“‘I must be overtired’, Buttercup managed. ‘The excitement and all.’
‘Rest then’, her mother cautioned. ‘Terrible things can happen when you’re overtired. I was overtired the night your father proposed.'”

“The Prince found Buttercup waiting unhappily outside his chamber doors.
‘It’s my letter,’ she began. ‘I cannot make it right.’
‘Come in, come in,’ the Prince said gently. ‘Maybe we can help you.’ She sat down in the same chair as before. ‘All right, I’ll close my eyes and listen; read to me.’
Westley, my passion, my sweet, my only my own. Come back, come back. I shall kill myself otherwise. Yours in torment, Buttercup.’ She looked at Humperdinck. ‘Well? Do you think I’m throwing myself at him?”

“Existence was really very simple when you did what you were told.”

“‘Enough about my beauty,’ Buttercup said. ‘Everybody always talks about how beautiful I am. I’ve got a mind, Westley. Talk about that.'”

“While he was watching the ships, Buttercup shoved him with all her strength remaining. Down went the man in black. ‘You can die too for all I care,’ she said, and then she turned away.
Words followed her. Whispered from afar, weak and warm and familiar. ‘As…you…wish…'”

“One thing you know when you’re ten is that no matter what, there’s gonna be a happy ending. They can sweat all they want, the authors, but back of it all you know, you just have no doubt, that in the long run justice is going to win out.”

“‘Hello there,’ Inigo hollered when he could wait no more.
The man in black glanced up and grunted.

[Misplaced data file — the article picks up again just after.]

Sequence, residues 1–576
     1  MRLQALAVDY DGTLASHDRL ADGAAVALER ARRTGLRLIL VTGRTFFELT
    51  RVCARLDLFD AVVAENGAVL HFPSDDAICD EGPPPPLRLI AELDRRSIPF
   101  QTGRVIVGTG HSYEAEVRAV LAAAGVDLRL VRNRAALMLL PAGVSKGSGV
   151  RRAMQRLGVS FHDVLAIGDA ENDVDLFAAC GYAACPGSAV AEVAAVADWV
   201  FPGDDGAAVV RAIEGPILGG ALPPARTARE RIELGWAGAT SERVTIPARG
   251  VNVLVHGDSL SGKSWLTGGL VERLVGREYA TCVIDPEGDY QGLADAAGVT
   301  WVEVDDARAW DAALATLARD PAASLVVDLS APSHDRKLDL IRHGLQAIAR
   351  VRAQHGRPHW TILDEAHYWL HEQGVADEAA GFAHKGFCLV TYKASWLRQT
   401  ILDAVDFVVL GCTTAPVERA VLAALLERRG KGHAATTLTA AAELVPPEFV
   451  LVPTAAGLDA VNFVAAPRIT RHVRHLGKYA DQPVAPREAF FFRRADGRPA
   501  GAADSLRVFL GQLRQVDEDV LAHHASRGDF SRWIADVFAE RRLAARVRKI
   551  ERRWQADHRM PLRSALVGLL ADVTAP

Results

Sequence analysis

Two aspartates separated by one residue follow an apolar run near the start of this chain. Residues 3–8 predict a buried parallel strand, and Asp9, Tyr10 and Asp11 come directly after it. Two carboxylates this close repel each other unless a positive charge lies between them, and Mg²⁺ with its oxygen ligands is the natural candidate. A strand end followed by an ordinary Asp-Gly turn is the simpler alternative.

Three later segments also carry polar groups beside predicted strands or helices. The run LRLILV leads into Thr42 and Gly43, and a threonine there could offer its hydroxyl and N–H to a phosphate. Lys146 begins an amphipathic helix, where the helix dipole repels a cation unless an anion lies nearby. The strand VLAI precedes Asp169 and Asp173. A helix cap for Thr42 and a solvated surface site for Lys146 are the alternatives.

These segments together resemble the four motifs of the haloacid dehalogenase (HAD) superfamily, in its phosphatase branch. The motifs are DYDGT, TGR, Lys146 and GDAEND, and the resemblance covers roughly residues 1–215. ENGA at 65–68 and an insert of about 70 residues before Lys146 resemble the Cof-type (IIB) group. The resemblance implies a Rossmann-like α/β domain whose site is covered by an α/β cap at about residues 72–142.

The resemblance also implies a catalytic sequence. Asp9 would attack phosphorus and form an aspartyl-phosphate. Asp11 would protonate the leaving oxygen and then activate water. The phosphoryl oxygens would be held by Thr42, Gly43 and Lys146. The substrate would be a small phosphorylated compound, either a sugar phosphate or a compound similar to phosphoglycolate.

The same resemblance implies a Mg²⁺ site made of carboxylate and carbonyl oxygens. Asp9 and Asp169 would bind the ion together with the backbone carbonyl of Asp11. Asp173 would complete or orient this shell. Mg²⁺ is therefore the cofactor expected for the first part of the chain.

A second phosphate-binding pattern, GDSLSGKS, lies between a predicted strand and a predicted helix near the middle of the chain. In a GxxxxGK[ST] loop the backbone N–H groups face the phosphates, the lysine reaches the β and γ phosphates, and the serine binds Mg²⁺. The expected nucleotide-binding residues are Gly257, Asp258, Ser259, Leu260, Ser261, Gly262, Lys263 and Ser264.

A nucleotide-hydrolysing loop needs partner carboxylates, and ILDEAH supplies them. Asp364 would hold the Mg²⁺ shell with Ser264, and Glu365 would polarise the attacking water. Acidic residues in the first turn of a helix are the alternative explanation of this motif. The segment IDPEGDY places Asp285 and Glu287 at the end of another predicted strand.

‘I’ve been watching you.’
The man in black nodded.
‘Slow going,’ Inigo said.
‘Look, I don’t mean to be rude,’ the man in black said finally, ‘but I’m rather busy just now, so try not to distract me.’
‘I’m sorry,’ Inigo said.
The man in black grunted again.
‘I don’t suppose you could speed things up,’ Inigo said.
‘If you want to speed things up so much,’ the man in black said, clearly quite angry now, ‘you could lower a rope or a tree branch or find some other helpful thing to do.'”

“‘He’s gaining on us,’ the Turk said. ‘That is also inconceivable,’ the Sicilian said. ‘Before I stole this boat we’re in, I made many inquiries as to what was the fastest ship on all of Florin Channel and everyone agreed it was this one.’ ‘You’re right,’ the Turk agreed, staring back. ‘He isn’t gaining on us. He’s just getting closer, that’s all.'”

“Buttercup’s parents did not have exactly what you might call a happy marriage. All they ever dreamed of was leaving each other.”

“‘You’re right,’ the Turk agreed, staring back. ‘He isn’t gaining on us. He’s just getting closer, that’s all.'”

“‘No one could be following us yet?’ the Spaniard asked. ‘No one,’ the Sicilian assured him. ‘It would be inconceivable.’ ‘Absolutely inconceivable?’ ‘Absolutely, totally, and, in all other ways, inconceivable,’ the Sicilian reassured him. ‘Why do you ask?’ ‘No reason,’ the Spaniard replied. ‘It’s only that I just happened to look back and something’s there.'”

Butch Cassidy and the Sundance Kid: Screenplay

“Who are those guys?”

“I’m not crazy; I’m just colorful.”

Butch: What happened to the old bank? It was beautiful.
Guard: People kept robbing it.
Butch: Small price to pay for beauty.”

“When I say Bolivia, you just think California.”

“You just keep thinking, Butch; that’s what you’re good at.”

“I got vision; the rest of the world is wearing bifocals.”

“Kid – the next time I say, ‘Let’s go someplace like Bolivia,’ let’s go someplace like Bolivia.”

Sundance: [to Etta] What I’m saying is, if you want to go, I won’t stop you. But the minute you start to whine or make a nuisance, I don’t care where we are, I’m dumping you flat.
Butch: Don’t sugarcoat it like that, Kid. Tell her straight.”

“Morons. I’ve got morons on my team.”

Find more quotes by William Goldman on Goodreads.